I can only repeat as strenuously as I know how:  It was never my intention to attack any individual, and certainly not Storefront Artist Project, an organization which I have vocally and tangibly supported.  If anything, I withheld considerable commentary from multiple sources out of a general affection for SAP matched with the belief that the extent of the public’s right to know the internal business of a private nonprofit arts organization is ultimately pretty finite.

However,  to ignore all such commentary, including that already widely read in another media outlet, to pretend that there were no alternate opinions from other people affected by events there in the past year, and that these haven’t been discussed for months, would be to completely ignore the voice of a whole pocket of the community involved.  It would be a lie.

On the other hand, directly quoting them all by name, in my personal judgement, would be detrimental to them as well as to SAP and other parties, and for no good reason.  I fully understand that this stance makes it easy to take shots at the messenger on this, but I stand by this article as being overall the most representative, conscientious balance I could strike with the story that was in front of me, the sources that talked to me.  [So when I say something like “sources indicated” or what have you, what I mean to say is that is EXACTLY what they darned well indicated, and I will look you straight in the eye and tell you the same, if you like. Except that we both know who a lot of those sources could have been. I simply won’t be baited into throwing them under anyone’s bus by a lot of contrived blustering]

I regret that anyone might feel that this is an affront to them by me personally as opposed to a the conveyance of viewpoints in the community that were well known to exist, with every attempt made to avoid needlessly burning those individuals who took the time to talk to me about these matters.   I very much welcome input from anyone else at SAP.  I would still love to tell the “big picture” story about the organization’s history over all, IN DECEMBER, when it’s appropriate, and to get input from all of SAP on this at the final 12×12. Provided I’m still welcome at the event, which I hope I am.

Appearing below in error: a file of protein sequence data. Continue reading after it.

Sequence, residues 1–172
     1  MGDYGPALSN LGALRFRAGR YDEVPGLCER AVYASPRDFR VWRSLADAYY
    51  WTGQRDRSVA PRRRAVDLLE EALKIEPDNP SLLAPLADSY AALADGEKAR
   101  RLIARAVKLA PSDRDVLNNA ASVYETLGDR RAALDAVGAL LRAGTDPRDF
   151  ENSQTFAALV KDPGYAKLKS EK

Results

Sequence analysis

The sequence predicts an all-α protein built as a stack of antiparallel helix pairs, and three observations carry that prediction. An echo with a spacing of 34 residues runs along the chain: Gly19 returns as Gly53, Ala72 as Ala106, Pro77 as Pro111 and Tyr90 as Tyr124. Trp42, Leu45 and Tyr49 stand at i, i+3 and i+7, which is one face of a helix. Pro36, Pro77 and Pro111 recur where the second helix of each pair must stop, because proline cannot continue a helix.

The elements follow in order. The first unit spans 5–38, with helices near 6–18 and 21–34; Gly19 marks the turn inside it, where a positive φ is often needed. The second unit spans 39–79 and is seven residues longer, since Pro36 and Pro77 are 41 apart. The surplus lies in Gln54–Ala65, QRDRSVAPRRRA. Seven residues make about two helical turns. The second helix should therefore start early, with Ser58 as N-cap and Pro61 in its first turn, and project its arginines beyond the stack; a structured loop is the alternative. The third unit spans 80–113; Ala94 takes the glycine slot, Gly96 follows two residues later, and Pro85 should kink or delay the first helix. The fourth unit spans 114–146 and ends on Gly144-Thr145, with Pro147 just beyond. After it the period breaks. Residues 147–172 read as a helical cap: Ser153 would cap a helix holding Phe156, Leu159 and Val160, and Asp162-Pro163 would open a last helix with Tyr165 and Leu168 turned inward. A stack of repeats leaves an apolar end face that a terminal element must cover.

We Are the 25 %: A Gen Y Cynic On Why You Should Vote

OTE: Beginning this new blog with a repost of my November 7 editorial on voting for following the publication of this somewhat rambling essay, I received many comments from people who said that they would (for reasons I find hard to grasp) like to hear more of my personal thoughts, observations and, well, feelings on Pittsfield happenings, as I go about the business of covering city news for iBerkshires and

While watching the election results come in from the Oct. 18 special election for 3rd Berkshire District state representative at the Crowne Plaza, I found myself chatting with City Council-at-Large candidate Nicholas Caccamo about voter turnout.

He mentioned my visit to the hub of the Occupy Wall Street movement, and we made various jokes about being part of “the 25 percent.” That is, the 25 percent who consistently vote, in most elections, national and local, and the 25 percent or so who essentially end up electing even our most significant national figures, when half or more of the eligible citizenry never hits the polls at all.

That night, the final tally was actually just a little over 21 percent of registered voters that turned out (erroneously reported elsewhere as 24 percent). Tricia Farley-Bouvier won with 33 percent, which means Pittsfield will be represented in Boston by someone only 7 percent of voters here specifically supported.